How do we ask it? Consider this prayer:
Give me neither poverty nor riches-feed me with the food allotted to me; Lest I be fall and deny You, And say, "Who is the LORD?" Or lest I be poor and steal, and profane the name of my God.Proverbs 30:80
That prayer comes from Agur, a contributor to the book of Proverbs. Agur was aware that he himself was too weak to withstand the temptation to be proud, too weak too to withstand the temptation to steal. So he prays for daily bread – nothing more and nothing less – prays for the bread needed to give to God the glory that is His due. He wants no temptation that comes from having riches, wants no temptation either that comes from poverty. It's a prayer in line with the sixth petition.
This is what the disciples of old were to pray, and this is what we are to pray:
'Lord, please don't give me too much of wealth, lest I get proud and self-sufficient; and please don't give me too little either, lest I despair and trust you no longer. For, O God, I can't withstand on my own strength the enticement Satan lays before me in money.'
Or: 'Father, please keep me away from drinking parties, lest I loose control over my mind and say things that profane Your name. For, O Lord, I haven't the where-with-all to resist the temptation of so much drink when the boys are around.'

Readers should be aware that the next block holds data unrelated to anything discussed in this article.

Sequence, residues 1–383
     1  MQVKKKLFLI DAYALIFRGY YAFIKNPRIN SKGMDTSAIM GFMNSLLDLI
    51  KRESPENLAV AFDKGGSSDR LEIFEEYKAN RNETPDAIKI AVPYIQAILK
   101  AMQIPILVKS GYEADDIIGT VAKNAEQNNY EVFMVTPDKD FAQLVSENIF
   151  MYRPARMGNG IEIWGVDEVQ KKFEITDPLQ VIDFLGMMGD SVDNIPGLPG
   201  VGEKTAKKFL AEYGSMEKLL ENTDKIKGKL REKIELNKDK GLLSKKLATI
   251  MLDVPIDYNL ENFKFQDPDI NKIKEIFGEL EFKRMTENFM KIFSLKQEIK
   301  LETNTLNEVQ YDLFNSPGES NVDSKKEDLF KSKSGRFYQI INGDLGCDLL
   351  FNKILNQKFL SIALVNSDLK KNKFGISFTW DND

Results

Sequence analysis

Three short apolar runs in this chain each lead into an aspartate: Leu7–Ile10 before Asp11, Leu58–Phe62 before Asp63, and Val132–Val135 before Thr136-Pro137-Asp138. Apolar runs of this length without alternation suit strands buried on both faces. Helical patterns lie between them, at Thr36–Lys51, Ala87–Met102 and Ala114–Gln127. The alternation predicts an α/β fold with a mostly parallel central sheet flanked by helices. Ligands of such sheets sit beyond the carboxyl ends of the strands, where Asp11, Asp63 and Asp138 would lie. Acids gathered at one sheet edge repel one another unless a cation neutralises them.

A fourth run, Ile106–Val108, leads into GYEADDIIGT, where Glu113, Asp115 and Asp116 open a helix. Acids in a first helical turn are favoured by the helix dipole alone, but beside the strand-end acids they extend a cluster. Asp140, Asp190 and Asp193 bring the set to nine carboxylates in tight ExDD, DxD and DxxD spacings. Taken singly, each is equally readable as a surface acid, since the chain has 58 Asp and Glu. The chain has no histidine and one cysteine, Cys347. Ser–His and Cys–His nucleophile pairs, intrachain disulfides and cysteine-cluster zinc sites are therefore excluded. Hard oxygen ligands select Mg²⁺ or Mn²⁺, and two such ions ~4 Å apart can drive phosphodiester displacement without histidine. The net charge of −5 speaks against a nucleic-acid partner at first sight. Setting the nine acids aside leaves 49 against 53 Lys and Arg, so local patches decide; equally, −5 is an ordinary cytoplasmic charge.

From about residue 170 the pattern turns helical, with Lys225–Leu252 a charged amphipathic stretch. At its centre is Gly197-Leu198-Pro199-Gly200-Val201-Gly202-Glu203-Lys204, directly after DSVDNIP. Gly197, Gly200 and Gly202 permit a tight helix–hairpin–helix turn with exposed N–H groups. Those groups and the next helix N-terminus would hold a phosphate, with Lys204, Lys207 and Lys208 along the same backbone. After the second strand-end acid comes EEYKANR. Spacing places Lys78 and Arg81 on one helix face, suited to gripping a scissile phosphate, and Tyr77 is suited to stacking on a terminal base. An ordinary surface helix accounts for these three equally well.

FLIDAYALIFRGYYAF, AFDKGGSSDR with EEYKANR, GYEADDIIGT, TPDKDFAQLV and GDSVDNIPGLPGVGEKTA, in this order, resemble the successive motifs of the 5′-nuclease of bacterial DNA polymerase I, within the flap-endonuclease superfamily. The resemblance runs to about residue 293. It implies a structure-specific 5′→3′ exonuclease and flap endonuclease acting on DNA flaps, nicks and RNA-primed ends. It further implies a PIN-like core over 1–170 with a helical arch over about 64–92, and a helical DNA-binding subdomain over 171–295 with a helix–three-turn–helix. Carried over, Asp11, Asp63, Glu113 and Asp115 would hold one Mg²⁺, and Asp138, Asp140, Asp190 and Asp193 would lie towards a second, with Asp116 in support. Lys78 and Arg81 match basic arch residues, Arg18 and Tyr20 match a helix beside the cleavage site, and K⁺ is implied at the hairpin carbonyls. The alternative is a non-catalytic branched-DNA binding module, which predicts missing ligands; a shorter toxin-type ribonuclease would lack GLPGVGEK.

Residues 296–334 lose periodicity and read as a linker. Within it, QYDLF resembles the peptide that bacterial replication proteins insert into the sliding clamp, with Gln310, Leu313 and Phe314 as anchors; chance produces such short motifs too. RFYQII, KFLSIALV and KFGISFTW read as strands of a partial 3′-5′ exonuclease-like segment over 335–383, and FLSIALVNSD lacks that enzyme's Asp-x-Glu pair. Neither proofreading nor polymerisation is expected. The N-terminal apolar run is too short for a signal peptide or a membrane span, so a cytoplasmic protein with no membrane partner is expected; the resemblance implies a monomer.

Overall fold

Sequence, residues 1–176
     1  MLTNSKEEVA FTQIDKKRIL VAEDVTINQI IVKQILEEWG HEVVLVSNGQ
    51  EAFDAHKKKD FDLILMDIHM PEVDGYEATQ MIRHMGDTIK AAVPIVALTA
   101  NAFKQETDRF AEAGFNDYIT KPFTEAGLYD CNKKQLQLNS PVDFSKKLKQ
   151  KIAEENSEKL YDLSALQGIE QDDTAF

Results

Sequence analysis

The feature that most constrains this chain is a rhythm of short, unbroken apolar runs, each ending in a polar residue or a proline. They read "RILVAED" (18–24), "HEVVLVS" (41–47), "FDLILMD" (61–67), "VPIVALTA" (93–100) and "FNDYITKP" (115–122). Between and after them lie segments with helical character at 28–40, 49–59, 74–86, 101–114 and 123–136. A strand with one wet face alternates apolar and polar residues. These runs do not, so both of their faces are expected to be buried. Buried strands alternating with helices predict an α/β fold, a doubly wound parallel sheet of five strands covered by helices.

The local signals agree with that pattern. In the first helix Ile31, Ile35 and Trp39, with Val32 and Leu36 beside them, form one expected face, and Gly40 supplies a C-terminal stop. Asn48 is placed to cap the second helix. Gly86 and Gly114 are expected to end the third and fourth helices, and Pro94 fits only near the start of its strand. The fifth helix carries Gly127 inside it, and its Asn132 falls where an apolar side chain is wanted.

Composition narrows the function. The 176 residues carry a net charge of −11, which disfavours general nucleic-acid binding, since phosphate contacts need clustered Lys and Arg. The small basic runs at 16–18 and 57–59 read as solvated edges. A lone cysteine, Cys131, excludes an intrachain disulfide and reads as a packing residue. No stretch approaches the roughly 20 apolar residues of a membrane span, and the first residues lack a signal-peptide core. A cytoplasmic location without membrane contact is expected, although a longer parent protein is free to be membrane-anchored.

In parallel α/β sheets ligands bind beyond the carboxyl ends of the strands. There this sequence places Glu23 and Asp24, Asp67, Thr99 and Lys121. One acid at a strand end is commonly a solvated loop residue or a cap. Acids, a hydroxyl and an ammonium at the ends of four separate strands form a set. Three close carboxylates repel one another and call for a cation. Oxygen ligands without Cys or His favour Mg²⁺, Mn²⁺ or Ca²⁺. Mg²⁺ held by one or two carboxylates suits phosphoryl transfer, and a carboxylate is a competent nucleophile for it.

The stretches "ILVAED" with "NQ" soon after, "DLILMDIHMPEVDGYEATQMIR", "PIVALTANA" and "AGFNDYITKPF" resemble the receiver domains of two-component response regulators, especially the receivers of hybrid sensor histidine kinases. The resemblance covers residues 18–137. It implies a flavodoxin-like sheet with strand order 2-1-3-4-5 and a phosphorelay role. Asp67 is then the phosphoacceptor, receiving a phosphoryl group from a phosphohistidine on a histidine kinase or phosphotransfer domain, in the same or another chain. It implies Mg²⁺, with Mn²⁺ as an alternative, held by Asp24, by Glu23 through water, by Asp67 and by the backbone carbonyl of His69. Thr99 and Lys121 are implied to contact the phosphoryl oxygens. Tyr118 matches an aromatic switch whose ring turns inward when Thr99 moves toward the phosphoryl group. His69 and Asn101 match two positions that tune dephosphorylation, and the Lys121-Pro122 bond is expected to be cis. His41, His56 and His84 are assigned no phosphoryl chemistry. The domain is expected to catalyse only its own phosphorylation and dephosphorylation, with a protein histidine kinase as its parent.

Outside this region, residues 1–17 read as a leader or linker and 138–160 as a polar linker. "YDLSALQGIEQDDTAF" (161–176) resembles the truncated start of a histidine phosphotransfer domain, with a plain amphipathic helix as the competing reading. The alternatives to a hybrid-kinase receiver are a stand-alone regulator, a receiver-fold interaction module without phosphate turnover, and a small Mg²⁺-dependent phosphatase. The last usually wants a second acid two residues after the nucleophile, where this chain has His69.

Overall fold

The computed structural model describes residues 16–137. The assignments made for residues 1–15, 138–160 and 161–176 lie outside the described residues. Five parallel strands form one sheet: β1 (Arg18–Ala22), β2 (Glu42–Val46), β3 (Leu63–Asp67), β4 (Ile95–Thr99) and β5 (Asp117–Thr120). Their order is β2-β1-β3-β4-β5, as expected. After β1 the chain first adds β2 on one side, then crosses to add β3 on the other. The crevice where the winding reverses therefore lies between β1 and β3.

Or: 'Father, don't let me see things at the beach this summer that lead my mind to sin, for I don't have the where-with-all to resist temptations of the flesh.'
God gives many good things for us to enjoy. We need to recognise that our hearts and minds are sinful, that we are vulnerable to Satan's wiles. So we need to pray, without ceasing, that the Lord please spare us from Satan's attacks. Equally, when we come into temptation, we need to ask the Lord please to deliver us from die evil one.
As we pray, we may believe that the God who is our Father for Jesus' sake has over come the evil one. We do not pray in vain!